FCC Chairman Tom Wheeler and his fellow commissioners spent a busy week testifying at a series of Congressional hearings where lawmakers launched with a battery of questions on the FCC’s recent decision to regulate broadband Internet services as Title II telecommunications services.  

Wheeler was the sole FCC witness to appear Tuesday at a hearing before the House Oversight and Government Reform Committee, where committee chairman Jason Chaffetz (R-UT) took Wheeler to task for changing his approach to the Open Internet rules in the wake of President Obama’s November speech recommending Title II classification.  As he informed Wheeler that the FCC’s Office of the Inspector General has commenced an investigation into the process by which the Title II order was adopted, Chaffetz called for legislative remedies, arguing, “there could have been a lot more done to maximize the transparency” of the FCC’s rulemaking process.  In reply, Wheeler repeated assertions that his philosophy concerning Title II had evolved in the weeks before Obama’s speech, yet acknowledged that “the President’s focus on Title II put wind in the sails of everyone looking for strong open Internet protections.”  Wheeler also cited the lack of marketreaction to Obama’s speech as another important factor that weighed into his final decision to pursue a Title II track.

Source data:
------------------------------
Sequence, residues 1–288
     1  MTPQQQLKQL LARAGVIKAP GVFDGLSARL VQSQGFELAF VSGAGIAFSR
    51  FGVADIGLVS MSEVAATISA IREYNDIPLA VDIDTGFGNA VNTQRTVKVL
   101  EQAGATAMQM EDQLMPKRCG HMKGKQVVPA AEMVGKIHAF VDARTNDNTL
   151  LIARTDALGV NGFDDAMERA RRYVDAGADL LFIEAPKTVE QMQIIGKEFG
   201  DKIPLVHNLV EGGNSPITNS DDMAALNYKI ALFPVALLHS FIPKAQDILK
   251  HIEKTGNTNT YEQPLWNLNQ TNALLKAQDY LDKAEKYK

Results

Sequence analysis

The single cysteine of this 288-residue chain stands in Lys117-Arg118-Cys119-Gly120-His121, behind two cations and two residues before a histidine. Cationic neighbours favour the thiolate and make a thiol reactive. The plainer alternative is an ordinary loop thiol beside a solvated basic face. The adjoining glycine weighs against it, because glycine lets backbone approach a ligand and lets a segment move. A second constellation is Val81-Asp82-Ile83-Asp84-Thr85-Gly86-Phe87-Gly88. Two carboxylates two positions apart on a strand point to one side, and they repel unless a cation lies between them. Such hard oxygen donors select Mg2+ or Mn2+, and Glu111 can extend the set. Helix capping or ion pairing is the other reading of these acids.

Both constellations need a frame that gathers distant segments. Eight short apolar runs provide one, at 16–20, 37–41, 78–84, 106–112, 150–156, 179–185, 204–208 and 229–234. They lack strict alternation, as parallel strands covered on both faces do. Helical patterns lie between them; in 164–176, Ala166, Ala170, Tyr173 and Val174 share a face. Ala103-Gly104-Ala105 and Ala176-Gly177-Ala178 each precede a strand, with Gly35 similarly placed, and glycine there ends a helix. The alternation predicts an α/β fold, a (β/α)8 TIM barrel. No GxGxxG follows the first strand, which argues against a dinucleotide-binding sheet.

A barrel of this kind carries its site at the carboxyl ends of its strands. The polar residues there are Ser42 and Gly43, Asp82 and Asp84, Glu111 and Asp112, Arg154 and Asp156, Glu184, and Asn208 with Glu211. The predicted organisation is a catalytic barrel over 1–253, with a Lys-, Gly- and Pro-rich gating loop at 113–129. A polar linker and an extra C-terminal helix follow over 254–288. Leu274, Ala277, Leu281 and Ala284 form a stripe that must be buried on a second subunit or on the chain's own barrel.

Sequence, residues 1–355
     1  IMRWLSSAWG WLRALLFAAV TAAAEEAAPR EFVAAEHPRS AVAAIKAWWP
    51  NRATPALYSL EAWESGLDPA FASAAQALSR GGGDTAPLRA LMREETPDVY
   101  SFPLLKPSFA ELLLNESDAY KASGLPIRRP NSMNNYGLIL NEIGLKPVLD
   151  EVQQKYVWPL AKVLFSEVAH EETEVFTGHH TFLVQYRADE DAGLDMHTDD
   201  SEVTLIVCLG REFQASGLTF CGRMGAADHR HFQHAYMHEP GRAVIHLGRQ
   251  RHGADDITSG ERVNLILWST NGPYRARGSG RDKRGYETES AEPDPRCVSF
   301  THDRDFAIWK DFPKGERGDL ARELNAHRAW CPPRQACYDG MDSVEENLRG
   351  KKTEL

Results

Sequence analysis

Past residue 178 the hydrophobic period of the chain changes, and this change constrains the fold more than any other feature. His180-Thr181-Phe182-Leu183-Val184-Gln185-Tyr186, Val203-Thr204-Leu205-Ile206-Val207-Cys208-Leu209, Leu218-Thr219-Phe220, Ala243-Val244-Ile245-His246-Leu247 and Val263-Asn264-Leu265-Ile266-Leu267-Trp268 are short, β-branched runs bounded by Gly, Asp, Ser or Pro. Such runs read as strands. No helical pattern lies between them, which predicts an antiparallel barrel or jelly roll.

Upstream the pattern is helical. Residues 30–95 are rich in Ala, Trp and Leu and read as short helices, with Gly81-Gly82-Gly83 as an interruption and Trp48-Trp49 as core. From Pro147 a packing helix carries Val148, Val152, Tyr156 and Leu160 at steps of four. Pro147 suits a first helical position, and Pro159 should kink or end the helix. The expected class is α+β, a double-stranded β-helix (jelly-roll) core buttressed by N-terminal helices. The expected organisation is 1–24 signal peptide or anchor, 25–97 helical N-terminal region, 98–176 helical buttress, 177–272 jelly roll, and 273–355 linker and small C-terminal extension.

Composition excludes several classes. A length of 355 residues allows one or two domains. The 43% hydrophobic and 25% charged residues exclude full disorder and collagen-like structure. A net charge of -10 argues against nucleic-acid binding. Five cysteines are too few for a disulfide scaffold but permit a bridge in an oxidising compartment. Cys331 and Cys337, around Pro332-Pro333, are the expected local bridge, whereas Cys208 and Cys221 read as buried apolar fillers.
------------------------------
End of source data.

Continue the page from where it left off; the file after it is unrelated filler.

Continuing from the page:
Questions of White House influence over the Open Internet order were also raised at a House Communications & Technology Subcommittee hearing on Thursday, as Republicans on the committee voiced concern that the rules as written could lead to the regulation of broadband rates in spite of Wheeler’s pledges of forbearance.  Emphasizing, however, that no wireless carrierhad been subjected to such a challenge in the 22 years that the FCC has regulated wireless networks under Title II, Wheeler maintained that, ifsuch a complaint were to arise, “there will be a process that will lookat that and develop a record that would make it very clear that the FCCis not in the consumer rate regulation business.”  

Meanwhile,the most animated hearing of the week took place Wednesday when all five FCC commissioners were grilled for nearly four hours by the Senate Commerce Committee on a variety of issues ranging from the Title II order to universal service to FCC auction rules pertaining to designated entities.  While Wheeler sparred with Pai on the possibility of broadband rate regulation, committee chairman John Thune (R-SD) suggested that the level of disagreement among the FCC’s commissioners and many others concerning the Open Internet rules highlights the need for clarity that can only be achieved through legislation.  As Thuneannounced that he has written a draft bill to provide “clear rules forthe digital road with clear authority for the FCC to enforce them,”ranking committee member Bill Nelson (D-FL) affirmed his openness to“true bipartisan congressional action, provided that such action fullyprotects consumers, does not undercut the FCC’s role, and leaves theagency with flexible, forward-looking authority.”